Court: Gag Order Was Inappropriate
FRANKFORT, Ky. (AP) _ A judge’s order forbidding six parents to talk publicly about the killing of their children in a West Paducah high school was unjustified, the Kentucky Court of Appeals ruled.
The three-judge panel ruled Monday that before taking the extreme step of a gag order, the trial judge was obligated to explore other ways to ensure a fair trial for 15-year-old Michael Carneal, the alleged gunman.
``Prior restraint on speech is presumptively unconstitutional,″ said the appellate opinion by Judge Joseph Huddleston.
The shootings at Heath High School made national headlines, but pervasive, adverse publicity does not inevitably lead to an unfair trial, Huddleston wrote.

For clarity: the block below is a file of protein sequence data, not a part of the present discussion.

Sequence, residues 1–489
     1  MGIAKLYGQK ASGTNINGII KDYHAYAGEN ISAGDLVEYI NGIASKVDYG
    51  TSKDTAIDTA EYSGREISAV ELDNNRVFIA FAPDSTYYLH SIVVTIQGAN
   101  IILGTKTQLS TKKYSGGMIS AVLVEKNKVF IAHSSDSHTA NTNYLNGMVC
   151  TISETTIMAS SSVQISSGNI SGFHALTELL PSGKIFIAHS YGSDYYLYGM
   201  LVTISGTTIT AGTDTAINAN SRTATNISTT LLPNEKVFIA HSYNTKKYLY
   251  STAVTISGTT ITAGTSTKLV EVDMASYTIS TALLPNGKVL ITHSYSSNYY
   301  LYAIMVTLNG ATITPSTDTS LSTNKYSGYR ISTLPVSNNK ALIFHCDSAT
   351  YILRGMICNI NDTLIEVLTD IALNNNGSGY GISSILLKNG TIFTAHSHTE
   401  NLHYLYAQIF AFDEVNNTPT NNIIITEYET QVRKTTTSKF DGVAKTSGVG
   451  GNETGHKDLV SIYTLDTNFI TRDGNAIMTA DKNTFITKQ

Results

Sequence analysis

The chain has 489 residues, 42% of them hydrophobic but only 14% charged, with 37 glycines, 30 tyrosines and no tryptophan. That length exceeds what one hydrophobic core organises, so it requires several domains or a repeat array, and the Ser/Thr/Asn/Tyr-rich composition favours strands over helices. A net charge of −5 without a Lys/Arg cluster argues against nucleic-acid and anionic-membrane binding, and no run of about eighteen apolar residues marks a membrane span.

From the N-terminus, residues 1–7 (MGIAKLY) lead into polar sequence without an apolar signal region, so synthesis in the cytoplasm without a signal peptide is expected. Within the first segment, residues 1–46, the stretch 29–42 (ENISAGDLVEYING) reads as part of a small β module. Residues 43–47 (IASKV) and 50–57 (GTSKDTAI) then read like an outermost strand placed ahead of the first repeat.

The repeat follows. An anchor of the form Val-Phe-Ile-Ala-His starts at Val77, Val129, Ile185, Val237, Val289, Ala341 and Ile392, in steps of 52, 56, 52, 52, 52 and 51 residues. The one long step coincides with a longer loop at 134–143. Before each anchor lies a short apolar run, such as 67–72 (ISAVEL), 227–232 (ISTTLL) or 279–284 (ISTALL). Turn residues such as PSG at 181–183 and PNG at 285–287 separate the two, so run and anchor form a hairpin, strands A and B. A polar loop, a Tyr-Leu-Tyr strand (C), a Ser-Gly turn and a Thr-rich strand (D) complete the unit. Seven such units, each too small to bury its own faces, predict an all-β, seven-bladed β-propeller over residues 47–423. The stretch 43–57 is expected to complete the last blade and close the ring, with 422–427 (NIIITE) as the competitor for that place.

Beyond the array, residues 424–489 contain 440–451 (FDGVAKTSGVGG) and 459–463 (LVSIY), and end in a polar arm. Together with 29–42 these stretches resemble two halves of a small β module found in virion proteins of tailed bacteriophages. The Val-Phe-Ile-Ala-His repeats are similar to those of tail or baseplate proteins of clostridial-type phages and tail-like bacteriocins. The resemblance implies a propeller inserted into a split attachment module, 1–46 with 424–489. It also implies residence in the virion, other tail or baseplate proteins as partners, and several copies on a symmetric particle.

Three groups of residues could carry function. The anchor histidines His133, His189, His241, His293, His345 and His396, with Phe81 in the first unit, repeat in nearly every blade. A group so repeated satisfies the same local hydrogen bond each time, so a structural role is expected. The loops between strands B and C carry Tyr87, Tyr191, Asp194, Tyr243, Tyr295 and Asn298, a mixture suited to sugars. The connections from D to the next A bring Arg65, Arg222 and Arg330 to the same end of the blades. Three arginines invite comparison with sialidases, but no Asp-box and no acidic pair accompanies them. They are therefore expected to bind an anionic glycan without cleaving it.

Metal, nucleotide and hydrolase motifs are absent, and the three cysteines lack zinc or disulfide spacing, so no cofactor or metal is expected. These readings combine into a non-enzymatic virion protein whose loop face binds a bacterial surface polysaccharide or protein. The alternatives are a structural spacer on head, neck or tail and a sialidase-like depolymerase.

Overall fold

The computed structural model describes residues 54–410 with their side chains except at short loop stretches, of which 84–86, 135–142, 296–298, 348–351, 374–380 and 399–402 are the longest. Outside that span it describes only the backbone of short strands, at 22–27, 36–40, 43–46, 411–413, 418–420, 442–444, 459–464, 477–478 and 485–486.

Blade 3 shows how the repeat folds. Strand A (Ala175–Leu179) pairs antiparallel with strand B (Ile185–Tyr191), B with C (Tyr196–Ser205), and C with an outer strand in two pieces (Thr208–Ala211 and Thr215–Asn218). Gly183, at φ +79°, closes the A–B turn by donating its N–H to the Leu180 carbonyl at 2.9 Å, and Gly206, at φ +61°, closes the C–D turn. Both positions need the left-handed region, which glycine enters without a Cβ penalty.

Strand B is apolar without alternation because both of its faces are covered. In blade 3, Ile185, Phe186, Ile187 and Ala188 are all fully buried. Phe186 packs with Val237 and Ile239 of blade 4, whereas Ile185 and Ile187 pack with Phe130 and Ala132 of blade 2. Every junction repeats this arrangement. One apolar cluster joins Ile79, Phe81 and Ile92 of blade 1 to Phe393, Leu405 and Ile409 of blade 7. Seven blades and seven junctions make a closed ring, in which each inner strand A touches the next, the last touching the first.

The ruling blocked enforcement of a gag order McCracken Circuit Judge Jeffrey Hines issued without a hearing on June 24. The day before, the parents of Nicole Hadley, Kayce Steger and Jessica James, along with attorney Michael Breen, publicized a psychiatric report on Carneal.
The families did not like the way Commonwealth’s Attorney Tim Kaltenbach was handling the case and were reacting to reports of a possible plea bargain.
The three girls were killed and five other students were wounded at the school on Dec. 1. Shots were aimed at a student-led prayer meeting in the high school lobby.
Hines’ gag order forbade the families or Breen to publicly say anything about the shootings _ even that they occurred. The families and Breen contested the order.
The appeals court said that was unreasonable.